The simplest, and most obvious answer, was for locals to shop local when they can rather than buying through a company like Amazon. Jim Brooke, Town Business Liaison Committee chair, said people should also be more conscious now of taking the time to leave positive reviews online.
“Talk about local businesses on social media, leave positive Yelp reviews for local businesses,” Brooke said. “It’s easy to shop online, but if you want to have brick and mortar businesses in your community, you have to shop at them sometimes.”
Some industries have fared better than others in the pandemic, and Brooke said it’s particularly important to show support for the hardest hit, personal service businesses.
“Construction businesses and real estate have been doing pretty well, but businesses that are more intimate like hair stylists, anything that involves close interaction with people, aren’t doing very well,” Brooke said. “For my business and the people I work with, hospitality industry is really in trouble. Especially caterers, party planners, or party venues.” Read More
Despite canceling in-person shows, Wolf Trap found a way to put their costume-making skills to work this summer by making and donating masks to the Vienna community.
When Gov. Ralph Northam announced the stay-at-home order through June 10, Wolf Trap’s Opera Costume Department realized shows wouldn’t be happening and decided to find another way to employ some of their artisans.
Initially, Wolf Trap just planned to make masks for its foundation board and staff, as well as artists from its opera residency. But they also knew they wanted to help the community, so they worked with the Vienna Business Association to provide masks to restaurants, according to Lee Anne Myslewski, the vice president for Opera and Classical Programming at Wolf Trap.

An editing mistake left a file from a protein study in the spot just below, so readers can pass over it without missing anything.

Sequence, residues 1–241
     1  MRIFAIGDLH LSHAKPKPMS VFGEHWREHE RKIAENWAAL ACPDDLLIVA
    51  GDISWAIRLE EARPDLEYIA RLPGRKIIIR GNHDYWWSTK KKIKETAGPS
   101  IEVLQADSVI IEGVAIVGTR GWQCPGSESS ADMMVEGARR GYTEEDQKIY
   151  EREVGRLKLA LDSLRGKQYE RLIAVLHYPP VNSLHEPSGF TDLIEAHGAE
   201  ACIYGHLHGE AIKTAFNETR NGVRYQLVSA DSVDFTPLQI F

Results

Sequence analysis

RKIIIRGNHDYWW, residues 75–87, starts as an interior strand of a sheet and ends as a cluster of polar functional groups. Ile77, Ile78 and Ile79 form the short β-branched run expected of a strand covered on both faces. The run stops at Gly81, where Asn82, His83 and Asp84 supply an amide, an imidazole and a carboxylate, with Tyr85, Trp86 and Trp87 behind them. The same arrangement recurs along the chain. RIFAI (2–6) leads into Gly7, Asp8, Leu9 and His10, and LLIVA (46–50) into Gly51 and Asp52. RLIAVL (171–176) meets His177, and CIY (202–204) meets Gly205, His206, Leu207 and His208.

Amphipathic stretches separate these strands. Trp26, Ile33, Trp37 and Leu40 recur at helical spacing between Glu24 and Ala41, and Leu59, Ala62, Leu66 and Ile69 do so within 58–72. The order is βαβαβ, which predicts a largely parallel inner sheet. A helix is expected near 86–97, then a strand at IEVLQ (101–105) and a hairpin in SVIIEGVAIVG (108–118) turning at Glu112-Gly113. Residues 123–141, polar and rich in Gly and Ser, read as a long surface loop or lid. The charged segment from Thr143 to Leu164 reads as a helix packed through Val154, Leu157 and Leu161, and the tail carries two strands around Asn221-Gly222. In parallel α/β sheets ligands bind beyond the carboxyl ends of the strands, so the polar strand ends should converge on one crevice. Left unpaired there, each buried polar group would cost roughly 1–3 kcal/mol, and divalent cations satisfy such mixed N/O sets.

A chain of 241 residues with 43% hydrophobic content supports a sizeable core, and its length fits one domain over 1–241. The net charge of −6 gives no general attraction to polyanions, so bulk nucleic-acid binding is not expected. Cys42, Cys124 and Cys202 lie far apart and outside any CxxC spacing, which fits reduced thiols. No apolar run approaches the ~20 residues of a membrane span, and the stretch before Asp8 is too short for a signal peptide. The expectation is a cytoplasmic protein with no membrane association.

“We determined that partnering with the VBA would get them to organizations and individuals that needed them,” said Myslewski.
Of the 1,000 masks made by the company, 130 went to the VBA, according to Peggy James, the VBA’s executive director.
The masks are made from three-ply pre-shrunk cotton, and some mask material comes from unused off-cuts from previous shows, according to a newsletter from the VBA. They have large and medium masks to give out to Vienna businesses.
“I really appreciate that they are big supporters of the Vienna community,” said James. “We are very appreciative of their membership and their generosity.”
In addition to restaurants, masks were also given to nonprofits, teachers and other businesses around Vienna, according to James.
While the mask donation was a hit, Wolf Trap says that it was just a one-time thing, and hopefully, they can resume performances soon. “We hope to be able to make opera sets and costumes again next summer,” said Myslewski.
Wolf Trap is still offering virtual concerts for both adults and children on their website.
Photos courtesy of Peggy James
Mexican restaurant El Sol is currently under construction after recently opening in Vienna.
El Sol has two locations, one in D.C. and one in Vienna’s Cedar Park Shopping Center. The restaurant is working on renovations and — as of a few months ago — was aiming to finish construction by the end of the summer or early fall of this year, according to Natalie Monkou, Vienna’s economic development director.
The parking lot construction and construction on the Cedar Lane Bridge, a central line to the shopping center, is making business tricky for businesses in the shopping center and other nearby businesses, according to Peggy James, the executive director of the Vienna Business Association.
“I have been in three locally-owned restaurants over there, and it is really bad for all,” said James, emphasizing the importance of supporting El Sol during the construction.
The Cedar Lane Bridge construction is scheduled to last from May through November, according to James.
El Sol has been serving Mexican cuisine since 2014. Chef Alfredo Solis and his sister Jessica opened up the restaurant together and serve Mexico City staples such as huaraches, tortas, and tacos, according to the restaurant’s website.
Another restaurant in the shopping center that is experiencing business trouble due to the construction is Crepes & Karak Cafe. The restaurant sells crepes, salads, coffee, smoothies and more.
“They have a nice social distance going on between their tables,” said James on the Vienna VA Business News Facebook group.
James encouraged Vienna residents to continue to support these businesses during the pandemic and the construction.
Photo via Lydia Russo on Vienna VA Foodies/Facebook
A 5K in the Town of Vienna has raised $6,000 so far to benefit people facing food insecurity.
The route winds from Caffe Amouri to Auto Body of Vienna, then to Plaka Grill over to Waters Field and then up to Skorpio’s Maggio’s Greek Family Restaurant before heading back to Caffe Amouri.